I arrived in London in late October on an overnight flight from Toronto. A friend picked me up and we ditched my bags at his place and then headed out into the city. I knew I had to keep moving in order to stay awake, but didn't have any specific idea of what I wanted to do beyond 'touristing sounds fun.' I lived in London, on and off, for five years, so there are some areas, like Picadilly Circus, Trafalgar Square, that I know inside and out. And the last time I had been back to visit I dragged a friend around the Tower, the Museum of London, the National Gallery and to see a show at The Globe Theatre. So this time we decided to start with Big Ben and the parliament buildings because I hadn't seen those in a long time.

We ended up spending two days wandering the South Bank. Mostly East of the parliament buildings. That first day, we took a cruise down the Thames. I've never done that and it's been on my list of things to try. It was mostly sunny and not that cold, and we had a fantastic vantage point at the railing of the boat. There was an unofficial tour guide - one of the crew - but I could only hear him part of the time. We passed the National Theatre, the Globe, the HMS Belfast, the Tower, Tower Bridge and Canary Wharf (which I had never seen), and ended up going all the way out to Greenwich.


We got off the boat and wandered through the grounds of Greenwich University and the Royal Military College. It was beautiful there, with the big white building standing out in the twilight, and strains of music drifting from one of the windows.


We kept wandering, stumbled across a map and realised we weren't far from the observatory that established Greenwich Mean Time. We hiked up to where it sat at the top of a hill and discovered a spectacular nighttime view of the East End.


The next day was a Friday, so I dragged my friend down to Borough Market. This is one of my favourite places in London. Or, it used to be. It was in the process of being renovated, and while many of the stalls were still open, nothing was where I remembered it. It's a whole market, tucked under the arches of a rail bridge and overpasses, so there's lots of old brick and wrought iron and it has a delightfully Victorian feel. They sell some of the most unusual treats, and lots of organic and home-made foods.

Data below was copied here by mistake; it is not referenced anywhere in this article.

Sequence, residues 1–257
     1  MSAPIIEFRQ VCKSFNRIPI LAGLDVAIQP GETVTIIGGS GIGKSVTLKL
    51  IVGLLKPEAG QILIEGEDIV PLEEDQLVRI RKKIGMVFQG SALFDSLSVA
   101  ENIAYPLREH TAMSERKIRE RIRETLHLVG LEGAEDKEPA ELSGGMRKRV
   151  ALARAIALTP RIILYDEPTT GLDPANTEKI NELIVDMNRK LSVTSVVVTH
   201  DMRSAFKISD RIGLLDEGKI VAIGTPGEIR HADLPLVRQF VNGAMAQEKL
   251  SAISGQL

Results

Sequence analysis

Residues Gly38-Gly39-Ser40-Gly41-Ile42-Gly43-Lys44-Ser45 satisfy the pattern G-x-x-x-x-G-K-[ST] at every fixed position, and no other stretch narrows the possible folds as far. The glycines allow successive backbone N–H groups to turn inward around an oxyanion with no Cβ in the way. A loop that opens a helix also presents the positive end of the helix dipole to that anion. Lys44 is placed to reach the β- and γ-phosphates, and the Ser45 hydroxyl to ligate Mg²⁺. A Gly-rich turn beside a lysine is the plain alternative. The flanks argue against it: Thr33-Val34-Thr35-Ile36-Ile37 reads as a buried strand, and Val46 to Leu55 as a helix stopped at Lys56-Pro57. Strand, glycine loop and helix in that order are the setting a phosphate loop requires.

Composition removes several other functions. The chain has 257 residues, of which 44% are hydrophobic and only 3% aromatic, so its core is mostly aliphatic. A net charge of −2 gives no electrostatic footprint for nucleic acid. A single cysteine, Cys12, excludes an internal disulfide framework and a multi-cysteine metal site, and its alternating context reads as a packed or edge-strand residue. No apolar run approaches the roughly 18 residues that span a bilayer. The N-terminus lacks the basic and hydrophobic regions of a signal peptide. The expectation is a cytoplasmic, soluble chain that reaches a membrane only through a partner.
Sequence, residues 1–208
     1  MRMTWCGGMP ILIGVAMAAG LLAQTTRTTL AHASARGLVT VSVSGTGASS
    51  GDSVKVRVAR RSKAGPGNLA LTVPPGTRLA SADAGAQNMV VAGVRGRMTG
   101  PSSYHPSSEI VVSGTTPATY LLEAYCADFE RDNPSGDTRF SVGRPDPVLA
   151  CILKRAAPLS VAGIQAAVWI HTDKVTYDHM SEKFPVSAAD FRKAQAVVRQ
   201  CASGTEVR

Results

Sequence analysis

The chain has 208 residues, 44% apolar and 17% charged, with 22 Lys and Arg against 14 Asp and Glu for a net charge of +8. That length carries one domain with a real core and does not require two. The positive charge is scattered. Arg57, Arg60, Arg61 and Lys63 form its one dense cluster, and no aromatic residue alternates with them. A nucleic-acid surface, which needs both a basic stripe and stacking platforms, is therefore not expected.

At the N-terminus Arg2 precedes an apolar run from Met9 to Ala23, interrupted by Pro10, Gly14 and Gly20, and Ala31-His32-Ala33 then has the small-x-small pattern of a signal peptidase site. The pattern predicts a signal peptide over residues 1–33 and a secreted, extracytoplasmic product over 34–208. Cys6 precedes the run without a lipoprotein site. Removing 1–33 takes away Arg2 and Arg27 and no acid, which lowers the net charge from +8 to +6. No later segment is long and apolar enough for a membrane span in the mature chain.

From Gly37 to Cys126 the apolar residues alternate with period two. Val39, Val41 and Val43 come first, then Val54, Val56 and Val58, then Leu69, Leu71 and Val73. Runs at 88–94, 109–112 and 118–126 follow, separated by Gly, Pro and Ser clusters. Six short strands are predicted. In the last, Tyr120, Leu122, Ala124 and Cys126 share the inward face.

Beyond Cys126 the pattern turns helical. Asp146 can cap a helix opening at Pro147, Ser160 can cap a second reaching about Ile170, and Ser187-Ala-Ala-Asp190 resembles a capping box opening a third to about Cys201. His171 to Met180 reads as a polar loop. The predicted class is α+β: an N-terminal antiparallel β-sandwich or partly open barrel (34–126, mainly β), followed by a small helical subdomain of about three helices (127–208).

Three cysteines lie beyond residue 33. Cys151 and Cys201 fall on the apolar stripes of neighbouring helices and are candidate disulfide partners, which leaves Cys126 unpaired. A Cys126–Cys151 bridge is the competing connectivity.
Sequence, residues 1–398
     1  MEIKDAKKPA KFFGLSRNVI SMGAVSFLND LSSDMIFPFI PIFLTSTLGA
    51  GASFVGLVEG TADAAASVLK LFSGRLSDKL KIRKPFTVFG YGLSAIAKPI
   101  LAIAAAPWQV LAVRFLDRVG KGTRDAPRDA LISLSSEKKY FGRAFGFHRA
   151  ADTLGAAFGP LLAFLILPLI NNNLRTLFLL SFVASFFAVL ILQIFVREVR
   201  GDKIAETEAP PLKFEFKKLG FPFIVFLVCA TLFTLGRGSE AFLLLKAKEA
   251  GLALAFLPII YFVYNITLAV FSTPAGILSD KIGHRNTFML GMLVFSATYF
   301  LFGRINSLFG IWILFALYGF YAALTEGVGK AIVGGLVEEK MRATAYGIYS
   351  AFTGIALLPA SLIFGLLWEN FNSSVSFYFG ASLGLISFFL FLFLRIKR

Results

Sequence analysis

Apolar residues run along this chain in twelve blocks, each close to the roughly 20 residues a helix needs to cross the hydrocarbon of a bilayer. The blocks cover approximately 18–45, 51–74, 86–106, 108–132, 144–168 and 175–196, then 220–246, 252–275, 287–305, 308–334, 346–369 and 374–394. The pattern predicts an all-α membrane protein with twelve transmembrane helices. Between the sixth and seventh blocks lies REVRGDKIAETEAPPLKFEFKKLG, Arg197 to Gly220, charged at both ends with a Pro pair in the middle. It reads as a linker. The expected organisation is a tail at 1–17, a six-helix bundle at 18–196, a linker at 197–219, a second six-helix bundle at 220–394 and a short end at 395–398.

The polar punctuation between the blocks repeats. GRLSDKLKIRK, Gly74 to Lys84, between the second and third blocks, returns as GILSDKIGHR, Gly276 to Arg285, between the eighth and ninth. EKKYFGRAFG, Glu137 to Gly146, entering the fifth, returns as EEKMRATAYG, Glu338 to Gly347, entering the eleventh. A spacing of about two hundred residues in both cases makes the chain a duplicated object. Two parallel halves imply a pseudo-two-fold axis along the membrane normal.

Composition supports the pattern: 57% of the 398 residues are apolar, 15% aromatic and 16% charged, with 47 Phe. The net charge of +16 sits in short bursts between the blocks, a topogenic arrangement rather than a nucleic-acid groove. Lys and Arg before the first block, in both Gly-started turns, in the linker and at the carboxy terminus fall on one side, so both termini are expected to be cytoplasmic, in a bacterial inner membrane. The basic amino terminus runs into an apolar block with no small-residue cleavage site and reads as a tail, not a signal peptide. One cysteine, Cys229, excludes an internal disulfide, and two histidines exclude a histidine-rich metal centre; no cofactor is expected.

There used to be a stall where you could buy pheasant and other wild game all trussed up by its feet, but we couldn't find it this time. We ate lunch at the market, and bought snacks. Then we headed out along the river again, aiming for the HMS Belfast.

The HMS Belfast was a battle cruiser, commissioned in the '30s. She fought in WWII and was part of the bombardment at the D-Day landings. She was overhauled in 1950 and last saw active service in the Korean War. She is now permanently docked on the Thames and part of the Imperial War Museum.


We spent an hour poking through the various levels with one of those portable audio guides. I was most fascinated by the crew living areas. I spent ages peering into the kitchens and laundry and crew bunks, trying to get an idea of what it was like to live on one of these ships. We eventually retreated up to the deck levels because it was feeling very stuffy and oppressive inside, and I think I might have been a little seasick.

From the Belfast, we walked along the Thames, all the way back to the London Eye.

The ticket comes with a 4-minute 4-D Experience, where the fourth D, it turns out, involved being sprayed with mist and bubbles. And the ride on the Eye itself was beautiful. It was after dark by this point (by the end of October, it's getting dark pretty early) so we could see the city lights stretching on forever. There were only a few other people in our car, too, so I was able to move around easily, taking dozens and dozens of photos. Particularly of Big Ben, the Parliament Buildings, St. Paul's Cathedral and the Thames.


So beautiful. And very peaceful, actually.

The next day, I headed up to Camden Market on my own. Camden Market is another of my favourite places in London, and another place that has been recently renovated. It used to be its own separate village, but was annexed into a growing London. Many of the old stone buildings are still there, and practically all of them have been converted into a giant market. It's amazing. Parts of it are still grungy and boho. This is the place where you can still find punks with foot-high bright green mohawks. And goths. Lots of goths. I love it there, grunge and all. And I'm actually quite upset about the areas that have been renovated and cleaned up and turned into cute upscale boutiques. It always happens, though. The bohos make it cool, then the yuppies move in.


That said, some of the renovated areas are absolutely stunning. And they've opened up whole new areas that I had never been into before. It was amazing seeing the bones of the old stalls, the old horse hospital, all still mostly intact. And some of the bronze artwork they've put in, some of the lampposts and stautary, is just lovely.